If you have any questions about these changes, please contact VDDHH at 804-662-9502.






The Blog
Lydia L. Callis
Sign Language Interpreter, Community Educator, Advocate

Last week, Mayor Bill de Blasio addressed the citizens of New York to discuss the city's first confirmed case of Ebola. During the press conference the mayor's ASL interpreter, Jonathan Lamberton, gained a bit of attention on the Internet. Most of the commentary centered around Lamberton's expressiveness, which is actually just part of sign language, but missed the most compelling aspect of this particular interpreter: he is Deaf.

For hearing people who do not have any experience with Deaf culture, it might be hard to understand how Certified Deaf Interpreters (CDI) are used, and why they are necessary. In this instance, the CDI was working as a team with a hearing interpreter who sat in the audience. The hearing interpreter was signing the message to Lamberton, who was interpreting it on camera. But why have two interpreters?

New York City is truly a melting pot with people of all ethnic backgrounds, education levels, and ability. In times when peoples' health or lives might be in danger, communication becomes absolutely critical. There is no room for miscommunication when state officials are addressing the public safety.

Utilizing an interpreter whose native language is ASL can be a good match when your audience is unknown. While a high quality hearing interpreter may be able to do a great job, a CDI has the ability to reach ASL users on every level. This ensures that the message is conveyed to a broad audience.

Deaf people who use sign language to communicate may read and write English quite well; or they may not know English at all. Many deaf people have excellent ASL skills, while others only know informal sign languages called "home signs." Additionally, in a large city like New York there is a whole audience of foreign born deaf people for whom ASL is a second language.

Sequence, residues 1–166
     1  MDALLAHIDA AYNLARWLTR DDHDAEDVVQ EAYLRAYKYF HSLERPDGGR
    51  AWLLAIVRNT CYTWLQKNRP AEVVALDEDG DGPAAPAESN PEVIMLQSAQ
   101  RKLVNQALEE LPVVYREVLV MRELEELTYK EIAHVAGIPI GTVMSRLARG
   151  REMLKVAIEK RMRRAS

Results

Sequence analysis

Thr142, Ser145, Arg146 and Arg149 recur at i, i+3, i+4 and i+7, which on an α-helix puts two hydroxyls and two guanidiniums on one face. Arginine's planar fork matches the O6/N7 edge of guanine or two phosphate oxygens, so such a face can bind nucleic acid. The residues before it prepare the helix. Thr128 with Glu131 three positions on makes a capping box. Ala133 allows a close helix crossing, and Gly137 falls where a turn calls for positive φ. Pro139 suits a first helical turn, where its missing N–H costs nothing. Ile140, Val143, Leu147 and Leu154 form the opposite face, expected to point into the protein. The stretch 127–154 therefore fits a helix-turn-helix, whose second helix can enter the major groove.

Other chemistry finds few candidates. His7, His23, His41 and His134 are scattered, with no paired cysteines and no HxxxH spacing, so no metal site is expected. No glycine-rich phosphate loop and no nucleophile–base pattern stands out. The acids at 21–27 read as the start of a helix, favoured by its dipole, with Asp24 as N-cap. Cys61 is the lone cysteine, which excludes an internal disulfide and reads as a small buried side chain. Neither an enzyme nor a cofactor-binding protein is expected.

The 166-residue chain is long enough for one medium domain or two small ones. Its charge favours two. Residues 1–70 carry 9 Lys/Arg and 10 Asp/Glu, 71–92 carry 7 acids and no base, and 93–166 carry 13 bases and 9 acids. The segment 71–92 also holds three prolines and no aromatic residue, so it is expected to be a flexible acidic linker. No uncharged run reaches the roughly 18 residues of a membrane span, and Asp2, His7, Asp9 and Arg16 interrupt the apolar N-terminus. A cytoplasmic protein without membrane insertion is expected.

Read entire article  . . .



Saerom Yoo,
Statesman Journal
Article Source

The Oregon Department of Human Services is in the process of hiring a company to coordinate and provide interpretive services for deaf and hard of hearing Oregonians, but the very people who are supposed to benefit from the services are saying they've been left out of the process.

The deaf and hard of hearing community is criticizing the state for not soliciting its input when writing the request for proposal and for choosing an out-of-state company. Signing Resources & Interpreters is negotiating a contract with state officials. Some have demanded that the state cease talks with the Vancouver, Wa., company and start over.

DOCUMENT: Signing Resources and Interpreters Redacted
DOCUMENT: Request for Proposal from DHS
DOCUMENT: RFP 3724 Scores - Redacted

For years, there was only one full-time state staffer coordinating and billing for interpretive services across the state, said Nathan Singer, deputy chief operating officer for aging and people with disabilities. But as the job became more demanding, Singer said, it became clear that a contractor was needed to help provide the services.

The program supports hearing impaired Oregonians' ability to participate in public meetings and take advantage of state provided services. Other government agencies can also request the service from DHS.

According to the request for proposal, the Oregon Deaf and Hard of Hearing Services provides 700 to 1,100 hours of interpreter services statewide per month.

The RFP was issued in April. Seven proposals were submitted and six were scored by three DHS employees and one member of the Oregon Deaf and Hard of Hearing Services Advisory Committee. DHS is now in negotiations with the top scoring proposer.

Members of Oregon's deaf community and advocates packed a meeting room in the Oregon State Library on Wednesday afternoon for an open forum with DHS. With the help of interpreters, people asked questions and expressed their complaints.

Chad Ludwig, president of the Oregon Association of the Deaf, said through an interpreter that DHS did not seek out comments from the ODHHS advisory committee and that it invited members to help score the proposers late in the process. The state also refused to accept the committee's input in editing the RFP, he said.

The OAD board also has concerns with Signing Resources & Interpreters, he said, because leaders of the local deaf community have never heard of the business.

Singer agreed that DHS could have done a better job engaging with the deaf community, but during the procurement process, the state takes a step back from speaking with stakeholders. The hands off approach is deliberate and used to avoid creating a perception of favoritism, he said.

Read More

ARS Technica
by  - May 28 2014, 2:09pm EDT

Deaf students are finally able to enjoy a planetarium, thanks to a Glass app.